CLOSE-UP: NEWSMAKER/FORD ENNALS - Lloyds TSB's smiling assassin prepares to strike. Ford Ennals is gearing up to drop Saatchis for Rainey Kelly, Jenny Watts reveals

It's not often in adland that agencies have the chance to tilt for

an account of the stature of Lloyds TSB's, so much licking of lips

greeted November's news that the £36 million business was in

play.



Now, that much prized piece of business appears to be within the grasp

of Rainey Kelly Campbell Roalfe/Y&R, with Abbott Mead Vickers BBDO

waiting in the wings should its rival fall at the final hurdle.



The final decision will rest with Ford Ennals, the director of group

customer management at Lloyds TSB and the man behind the review out of

the four-year incumbent, Saatchi & Saatchi. Ennals has been described by

agencies as a smiling assassin and stories circulate of him being

difficult and not the most popular of clients.



"He's been a very demanding client in every sense," says one source who

has worked before with the ex-Unilever, Reebok and British Airways

marketing chief.



Still, Ennals has historically extracted credible work from his

agencies, and called this review in a bid to find "fresh insight" for

the Lloyds TSB brand, saying: "Now and again it's worthwhile looking

outside - you've got to be careful not to lose your perspective."



According to Ennals, Lloyds TSB "wanted to go another stage of

development with a more product-focused campaign". Saatchis, it seems,

was never really in the running. "I never felt on the product side that

the work was on a par with the brand work," Ennals admits of Saatchis'

efforts - while insiders say the agency had a few attempts at the brief

before it was acknowledged it couldn't crack it.



Saatchis' outgoing executive chairman Tamara Ingram's proximity to the

business has also been one of the main reasons mooted for the departure

of the account. There is a story circulating that Ingram, now at

McCann-Erickson, knew about the loss only ten minutes after Saatchis'

chief executive, James Hall, found out. However, Ennals denies Ingram's

exit played an integral part in the review, saying she was part of an

exodus that triggered the decision. "We had a stable core team for three

years, but across the year of 2001, for reasons out of Saatchis'

control, there were personnel changes across the business," he says.



Still, industry observers point out that Saatchis has been running out

of road with Lloyds TSB for some time and that Ennals' relationship with

the agency was its only saving grace. "The relationship has helped them

survive what's been a succession of average ads that haven't really cut

through or given them a strong positioning," one observer says.



RKCR/Y&R and AMV have ideas of their own to give the brand a definite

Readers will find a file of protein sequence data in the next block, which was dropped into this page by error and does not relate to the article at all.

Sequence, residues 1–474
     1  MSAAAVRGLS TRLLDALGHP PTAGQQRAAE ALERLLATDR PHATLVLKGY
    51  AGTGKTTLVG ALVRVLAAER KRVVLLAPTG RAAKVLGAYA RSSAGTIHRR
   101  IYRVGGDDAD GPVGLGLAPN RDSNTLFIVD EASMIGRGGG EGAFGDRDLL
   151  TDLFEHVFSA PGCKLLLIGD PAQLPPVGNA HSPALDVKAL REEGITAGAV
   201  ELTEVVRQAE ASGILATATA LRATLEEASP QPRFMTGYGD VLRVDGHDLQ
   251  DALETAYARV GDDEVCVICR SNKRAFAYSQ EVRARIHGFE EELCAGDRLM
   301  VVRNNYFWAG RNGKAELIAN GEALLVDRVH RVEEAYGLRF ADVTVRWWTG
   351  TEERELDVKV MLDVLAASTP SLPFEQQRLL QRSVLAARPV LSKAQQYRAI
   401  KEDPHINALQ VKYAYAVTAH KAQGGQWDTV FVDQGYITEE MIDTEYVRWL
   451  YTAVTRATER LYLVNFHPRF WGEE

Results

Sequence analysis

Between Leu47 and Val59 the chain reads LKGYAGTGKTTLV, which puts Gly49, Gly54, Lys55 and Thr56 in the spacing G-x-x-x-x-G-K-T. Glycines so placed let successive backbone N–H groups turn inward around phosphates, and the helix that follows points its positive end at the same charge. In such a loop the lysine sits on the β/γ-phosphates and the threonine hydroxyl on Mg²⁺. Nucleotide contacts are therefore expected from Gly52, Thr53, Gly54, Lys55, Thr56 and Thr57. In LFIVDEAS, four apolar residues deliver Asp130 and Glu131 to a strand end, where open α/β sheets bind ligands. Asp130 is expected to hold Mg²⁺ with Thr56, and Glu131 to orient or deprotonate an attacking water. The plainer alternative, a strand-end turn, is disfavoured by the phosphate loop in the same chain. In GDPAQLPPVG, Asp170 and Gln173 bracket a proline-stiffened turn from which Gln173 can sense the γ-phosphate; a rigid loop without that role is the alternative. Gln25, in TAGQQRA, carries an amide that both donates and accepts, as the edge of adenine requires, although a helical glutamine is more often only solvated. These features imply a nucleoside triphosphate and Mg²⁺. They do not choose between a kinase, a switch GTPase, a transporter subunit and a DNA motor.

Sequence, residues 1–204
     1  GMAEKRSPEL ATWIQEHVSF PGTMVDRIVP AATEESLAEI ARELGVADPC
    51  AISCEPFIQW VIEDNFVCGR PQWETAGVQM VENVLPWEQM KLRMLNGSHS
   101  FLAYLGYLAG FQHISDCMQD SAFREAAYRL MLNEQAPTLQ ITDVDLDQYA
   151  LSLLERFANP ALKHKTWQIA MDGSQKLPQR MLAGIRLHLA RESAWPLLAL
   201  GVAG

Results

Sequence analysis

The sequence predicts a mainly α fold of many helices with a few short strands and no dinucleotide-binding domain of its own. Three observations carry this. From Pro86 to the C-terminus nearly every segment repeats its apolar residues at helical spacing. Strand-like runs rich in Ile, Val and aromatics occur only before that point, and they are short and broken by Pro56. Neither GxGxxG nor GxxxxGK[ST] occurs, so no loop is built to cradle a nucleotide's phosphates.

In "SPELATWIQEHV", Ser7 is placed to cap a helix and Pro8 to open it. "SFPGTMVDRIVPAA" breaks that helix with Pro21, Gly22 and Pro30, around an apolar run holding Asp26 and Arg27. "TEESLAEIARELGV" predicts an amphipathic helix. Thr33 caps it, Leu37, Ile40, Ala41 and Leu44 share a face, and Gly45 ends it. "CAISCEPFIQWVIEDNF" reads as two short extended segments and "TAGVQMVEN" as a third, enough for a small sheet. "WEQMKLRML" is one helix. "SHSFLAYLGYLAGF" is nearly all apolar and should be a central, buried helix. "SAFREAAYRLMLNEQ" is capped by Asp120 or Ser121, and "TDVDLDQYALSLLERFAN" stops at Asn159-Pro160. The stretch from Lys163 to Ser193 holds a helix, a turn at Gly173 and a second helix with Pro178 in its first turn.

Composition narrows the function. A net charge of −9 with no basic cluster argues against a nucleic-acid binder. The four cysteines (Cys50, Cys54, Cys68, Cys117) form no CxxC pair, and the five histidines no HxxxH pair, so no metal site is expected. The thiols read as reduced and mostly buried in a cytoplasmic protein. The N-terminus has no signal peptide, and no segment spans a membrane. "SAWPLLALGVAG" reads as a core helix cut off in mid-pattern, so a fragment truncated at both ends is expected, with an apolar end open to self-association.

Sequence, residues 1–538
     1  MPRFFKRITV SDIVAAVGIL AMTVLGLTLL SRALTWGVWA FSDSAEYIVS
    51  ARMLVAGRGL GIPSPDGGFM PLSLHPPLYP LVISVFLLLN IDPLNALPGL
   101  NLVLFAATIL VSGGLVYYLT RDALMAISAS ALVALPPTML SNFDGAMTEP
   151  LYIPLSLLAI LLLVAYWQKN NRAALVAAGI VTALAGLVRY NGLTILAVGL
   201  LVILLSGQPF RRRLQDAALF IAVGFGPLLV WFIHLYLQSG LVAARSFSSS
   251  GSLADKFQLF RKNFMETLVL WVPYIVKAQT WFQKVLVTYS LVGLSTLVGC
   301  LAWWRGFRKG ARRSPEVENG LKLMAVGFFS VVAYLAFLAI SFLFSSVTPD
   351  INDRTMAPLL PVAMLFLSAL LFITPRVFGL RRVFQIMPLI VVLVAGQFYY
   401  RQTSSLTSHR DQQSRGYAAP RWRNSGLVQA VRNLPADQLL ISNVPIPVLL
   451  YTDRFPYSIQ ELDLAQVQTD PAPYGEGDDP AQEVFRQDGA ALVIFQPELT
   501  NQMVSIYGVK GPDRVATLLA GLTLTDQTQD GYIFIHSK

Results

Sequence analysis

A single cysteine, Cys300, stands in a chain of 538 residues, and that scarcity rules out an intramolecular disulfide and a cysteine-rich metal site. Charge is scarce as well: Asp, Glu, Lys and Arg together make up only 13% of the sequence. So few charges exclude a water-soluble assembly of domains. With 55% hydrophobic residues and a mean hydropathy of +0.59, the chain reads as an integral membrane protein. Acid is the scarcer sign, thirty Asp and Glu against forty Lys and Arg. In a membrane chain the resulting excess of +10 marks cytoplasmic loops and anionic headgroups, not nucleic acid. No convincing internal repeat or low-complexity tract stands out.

positioning. Rainey Kelly's is said to involve the actress Cathy Burke

and, subject to her participation, it's believed the agency will secure

the business. AMV's idea reportedly mirrors the stages of financial

maturation with that of a young foal growing into a horse. Should Burke

not play ball, AMV could still canter over the finish line.



The immediate prize is a business banking project, and depending on how

that goes, Ennals enigmatically says, "there will be the opportunity to

pick up further work". Indications are that this could mean curtains for

Saatchis; however, Ennals insists the agency will remain on the roster

for now.



Whatever the reasons behind moving the new campaign out of Saatchis, the

fact remains that Lloyds TSB is being forced to react by better-marketed

products and more aggressive marketing campaigns from its

competitors.



Financial services advertising remains of low interest to most people,

although a growing diversion in current account interest rates is

starting to shake customers out of their inertia. Ennals says: "Our

challenge is to present ourselves as a single brand. Before we were two

very disparate brands. We need to be a lot more specific about what

we're offering."



Doubtless Lloyds TSB has learnt from Barclays, whose headline-grabbing

"big" campaign might have had the "wow" factor but suffered because

consumers failed to see how it fitted in with their everyday

experiences. The M&C Saatchi work for NatWest was possibly more

successful as a piece of repositioning, despite customer complaints that

it was misleading. It is Halifax, though, that has most shaken up the

financial services market with its upbeat, headline-grabbing FMCG

approach.



"Halifax has done a good job of identifying one proposition and being

focused and consistent," Ennals agrees.



Competition has been further intensified by the emergence of a

Government-backed watchdog, which is compelling banks to make it easier

for customers to move their accounts.



Ennals plays down the significance of this legislation. "In July last

year we'd already put in place a service that will move the account in

three days, not ten," he says. "I don't think it will change what we do.

There's just a much greater level of media noise around the category

now."



So what will Lloyds TSB's strategy be this year? "To significantly

improve service so we have a competitive advantage," he replies.

Diversifying into the energy market by making a major push into gas,

electricity and telecoms may help, but it's imperative the bank raises

its marketing game in the face of such strong competition.



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